If you already have the spring out of the car, use an electric impact wrench to turn the screw that compresses the spring.
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phantom 309

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PostSubject: Re: Spring height and torque values   Sun Nov 06, 2016 7:07 am

SF SoBay wrote:
phantom 309,

My cajones can’t match your moxie quotient.  I did bring the lower control arm down with a floor jack and pushed the arm down as far as my leg was able.  

sorry,. but i don't understand what you are saying,. once the lower control arm is down and the jack is removed, the spring is relaxed, it's a simple matter to remove it then,.  
I suppose it might be a harrowing experience the first time as i,m sure that imagination, rather than physics, takes control,.some folks are comfortable working on/with springs, some folks aren't,. experience being the contributing factor to comfort level,.
Cojones don't really play a part in this,.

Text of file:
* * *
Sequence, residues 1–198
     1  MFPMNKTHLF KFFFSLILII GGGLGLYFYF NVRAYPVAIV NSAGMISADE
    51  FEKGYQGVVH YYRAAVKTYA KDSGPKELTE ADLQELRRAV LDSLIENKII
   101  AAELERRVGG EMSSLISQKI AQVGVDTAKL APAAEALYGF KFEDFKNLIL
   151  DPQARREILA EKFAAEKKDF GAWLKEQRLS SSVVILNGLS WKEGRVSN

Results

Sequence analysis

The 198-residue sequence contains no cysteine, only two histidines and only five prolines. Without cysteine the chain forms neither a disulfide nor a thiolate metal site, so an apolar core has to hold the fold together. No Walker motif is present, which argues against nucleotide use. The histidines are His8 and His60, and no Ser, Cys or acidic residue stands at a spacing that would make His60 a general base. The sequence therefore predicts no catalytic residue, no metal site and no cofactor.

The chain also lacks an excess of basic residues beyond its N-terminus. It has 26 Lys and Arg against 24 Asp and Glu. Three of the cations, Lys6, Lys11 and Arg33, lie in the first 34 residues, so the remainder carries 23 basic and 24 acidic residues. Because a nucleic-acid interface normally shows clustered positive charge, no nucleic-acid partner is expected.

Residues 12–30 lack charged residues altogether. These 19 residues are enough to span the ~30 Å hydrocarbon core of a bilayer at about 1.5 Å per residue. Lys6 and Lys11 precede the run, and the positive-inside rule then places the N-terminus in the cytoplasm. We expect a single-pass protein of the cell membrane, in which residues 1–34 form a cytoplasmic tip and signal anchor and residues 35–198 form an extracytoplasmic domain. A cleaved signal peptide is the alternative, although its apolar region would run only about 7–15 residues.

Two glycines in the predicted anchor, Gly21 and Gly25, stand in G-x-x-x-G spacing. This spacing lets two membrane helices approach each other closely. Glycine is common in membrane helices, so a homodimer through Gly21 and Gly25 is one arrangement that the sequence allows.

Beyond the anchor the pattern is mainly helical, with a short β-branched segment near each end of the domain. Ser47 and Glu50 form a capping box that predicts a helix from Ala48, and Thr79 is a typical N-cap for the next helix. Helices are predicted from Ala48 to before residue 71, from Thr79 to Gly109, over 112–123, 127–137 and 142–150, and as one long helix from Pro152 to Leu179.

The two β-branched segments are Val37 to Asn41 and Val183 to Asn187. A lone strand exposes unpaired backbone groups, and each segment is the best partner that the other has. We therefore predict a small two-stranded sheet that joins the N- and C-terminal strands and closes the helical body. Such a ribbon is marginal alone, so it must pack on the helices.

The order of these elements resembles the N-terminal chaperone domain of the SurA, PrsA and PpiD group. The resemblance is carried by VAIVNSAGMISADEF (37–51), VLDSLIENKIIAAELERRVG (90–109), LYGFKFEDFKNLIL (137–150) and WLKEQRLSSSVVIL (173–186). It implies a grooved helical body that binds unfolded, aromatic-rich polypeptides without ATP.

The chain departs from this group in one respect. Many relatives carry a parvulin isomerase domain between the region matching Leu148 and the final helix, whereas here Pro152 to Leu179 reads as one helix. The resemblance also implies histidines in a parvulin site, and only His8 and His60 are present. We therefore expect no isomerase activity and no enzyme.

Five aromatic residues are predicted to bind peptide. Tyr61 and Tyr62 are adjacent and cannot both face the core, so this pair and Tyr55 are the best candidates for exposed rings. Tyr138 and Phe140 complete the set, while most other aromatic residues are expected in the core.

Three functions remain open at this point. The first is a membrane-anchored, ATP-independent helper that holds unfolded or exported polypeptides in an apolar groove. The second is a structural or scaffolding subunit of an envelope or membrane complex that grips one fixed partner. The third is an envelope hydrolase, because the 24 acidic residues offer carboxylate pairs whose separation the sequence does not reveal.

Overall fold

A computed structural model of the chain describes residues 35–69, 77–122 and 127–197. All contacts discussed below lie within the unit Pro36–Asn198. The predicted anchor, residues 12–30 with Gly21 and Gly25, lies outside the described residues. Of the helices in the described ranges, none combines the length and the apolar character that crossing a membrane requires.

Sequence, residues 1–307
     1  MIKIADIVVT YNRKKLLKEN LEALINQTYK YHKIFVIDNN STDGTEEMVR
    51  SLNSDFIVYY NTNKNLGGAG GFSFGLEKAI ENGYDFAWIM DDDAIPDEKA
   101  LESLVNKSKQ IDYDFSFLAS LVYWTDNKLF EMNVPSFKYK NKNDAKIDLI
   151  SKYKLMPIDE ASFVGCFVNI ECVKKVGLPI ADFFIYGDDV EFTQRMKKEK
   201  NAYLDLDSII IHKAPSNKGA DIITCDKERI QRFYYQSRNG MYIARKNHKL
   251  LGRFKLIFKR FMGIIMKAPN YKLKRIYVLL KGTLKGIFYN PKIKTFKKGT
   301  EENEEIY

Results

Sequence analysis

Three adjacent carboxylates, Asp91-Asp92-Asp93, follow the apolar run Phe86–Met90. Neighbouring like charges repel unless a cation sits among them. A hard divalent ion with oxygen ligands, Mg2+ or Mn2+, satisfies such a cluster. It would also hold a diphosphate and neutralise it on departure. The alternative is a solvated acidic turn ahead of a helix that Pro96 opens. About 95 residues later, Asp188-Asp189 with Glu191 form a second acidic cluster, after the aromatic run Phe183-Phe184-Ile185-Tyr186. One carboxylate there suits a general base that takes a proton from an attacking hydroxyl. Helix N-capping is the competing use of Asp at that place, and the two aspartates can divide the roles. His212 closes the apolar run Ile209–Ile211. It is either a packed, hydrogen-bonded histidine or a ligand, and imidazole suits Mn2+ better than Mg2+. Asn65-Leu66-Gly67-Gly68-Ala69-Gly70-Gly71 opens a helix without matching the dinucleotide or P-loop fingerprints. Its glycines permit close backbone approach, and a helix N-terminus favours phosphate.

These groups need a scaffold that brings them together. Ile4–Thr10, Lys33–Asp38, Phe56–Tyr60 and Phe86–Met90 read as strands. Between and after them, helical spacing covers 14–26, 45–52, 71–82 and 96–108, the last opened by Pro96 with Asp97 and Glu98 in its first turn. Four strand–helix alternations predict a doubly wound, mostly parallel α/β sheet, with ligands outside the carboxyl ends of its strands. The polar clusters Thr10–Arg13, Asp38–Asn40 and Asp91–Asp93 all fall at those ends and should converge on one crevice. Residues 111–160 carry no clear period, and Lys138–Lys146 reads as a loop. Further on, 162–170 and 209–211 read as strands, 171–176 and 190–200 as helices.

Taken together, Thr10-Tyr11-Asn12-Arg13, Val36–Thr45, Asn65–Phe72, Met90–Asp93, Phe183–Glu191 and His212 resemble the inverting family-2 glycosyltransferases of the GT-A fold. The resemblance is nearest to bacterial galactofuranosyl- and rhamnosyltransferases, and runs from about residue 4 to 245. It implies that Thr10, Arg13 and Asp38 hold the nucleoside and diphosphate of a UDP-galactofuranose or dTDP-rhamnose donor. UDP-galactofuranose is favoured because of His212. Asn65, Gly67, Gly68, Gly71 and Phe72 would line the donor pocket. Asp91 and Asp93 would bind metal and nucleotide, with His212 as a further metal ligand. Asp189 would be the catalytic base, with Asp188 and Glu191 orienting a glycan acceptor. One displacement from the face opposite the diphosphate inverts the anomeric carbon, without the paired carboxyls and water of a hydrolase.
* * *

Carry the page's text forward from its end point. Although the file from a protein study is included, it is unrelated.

should the spring compressor fail during install,. you'll likely need to have the cojones repaired,.. What a Face


dwywyga


Last edited by phantom 309 on Sun Nov 06, 2016 9:10 pm; edited 1 time in total
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paart



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PostSubject: Re: Spring height and torque values   Sun Nov 06, 2016 5:51 pm

phantom 309 wrote:
way,. then slowly lower the jack till the spring is relaxed,. use your foot to shove the control arm down,. lift the spring out of the lower pocket , slide it down and out of the upper pocket.
Install is simply reverse,.put your spring in the upper pocket, shove the control arm down till you can get the spring to start into its lower pocket,. then jack the control arm into place,.


Guys working on cars is entertaining sometimes,.


These are a couple of those places where something unexpected can go wrong, and ruin your whole day. Perhaps an inadvertent bump against the jack, or a spring that’s not quite in the seat correctly, will allow it to come flying out.